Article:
Quotations by Author

Walter Lipman

Pick up a pinecone and count the spiral rows of scales. You may find eight spirals winding up to the left and 13 spirals winding up to the right, or 13 left and 21 right spirals, or other pairs of numbers. The striking fact is that these pairs of numbers are adjacent numbers in the famous Fibonacci series: 1, 1, 2, 3, 5, 8, 13, 21... Here, each term is the sum of the previous two terms. The phenomenon is well known and called phyllotaxis. Many are the efforts of biologists to understand why pinecones, sunflowers, and many other plants exhibit this remarkable pattern. Organisms do the strangest things, but all these odd things need not reflect selection or historical accident. Some of the best efforts to understand phyllotaxis appeal to a form of self-organization. Paul Green, at Stanford, has argued persuasively that the Fibonacci series is just what one would expects as the simplest self-repeating pattern that can be generated by the particular growth processes in the growing tips of the tissues that form sunflowers, pinecones, and so forth. Like a snowflake and its sixfold symmetry, the pinecone and its phyllotaxis may be part of order for free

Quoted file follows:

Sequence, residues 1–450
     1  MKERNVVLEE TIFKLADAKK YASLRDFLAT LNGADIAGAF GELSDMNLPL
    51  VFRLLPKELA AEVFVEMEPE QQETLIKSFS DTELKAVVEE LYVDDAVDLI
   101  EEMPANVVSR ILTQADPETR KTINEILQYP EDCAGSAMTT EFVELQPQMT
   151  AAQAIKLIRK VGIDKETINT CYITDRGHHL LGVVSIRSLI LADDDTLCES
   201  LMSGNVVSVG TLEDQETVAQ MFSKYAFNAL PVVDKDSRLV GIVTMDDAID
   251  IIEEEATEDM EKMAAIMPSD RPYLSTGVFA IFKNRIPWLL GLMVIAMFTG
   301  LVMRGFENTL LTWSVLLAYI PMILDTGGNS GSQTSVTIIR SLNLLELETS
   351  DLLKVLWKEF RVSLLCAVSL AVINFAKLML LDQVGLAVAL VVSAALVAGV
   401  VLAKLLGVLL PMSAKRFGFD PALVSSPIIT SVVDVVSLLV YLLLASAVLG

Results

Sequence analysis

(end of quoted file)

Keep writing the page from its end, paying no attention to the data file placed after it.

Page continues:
Without offering any data on all that occurs between conception and the age of kindergarten, they announce on the basis of what they have got out of a few thousand questionnaires that they are measuring the hereditary mental endowment of human beings. Obviously, this is not a conclusion obtained by research. It is a conclusion planted by the will to believe. It is, I think, for the most part unconsciously planted ... If the impression takes root that these tests really measure intelligence, that they constitute a sort of last judgment on the child's capacity, that they reveal "scientifically" his predestined ability, then it would be a thousand times better if all the intelligence testers and all their questionnaires were sunk in the Sargasso Sea.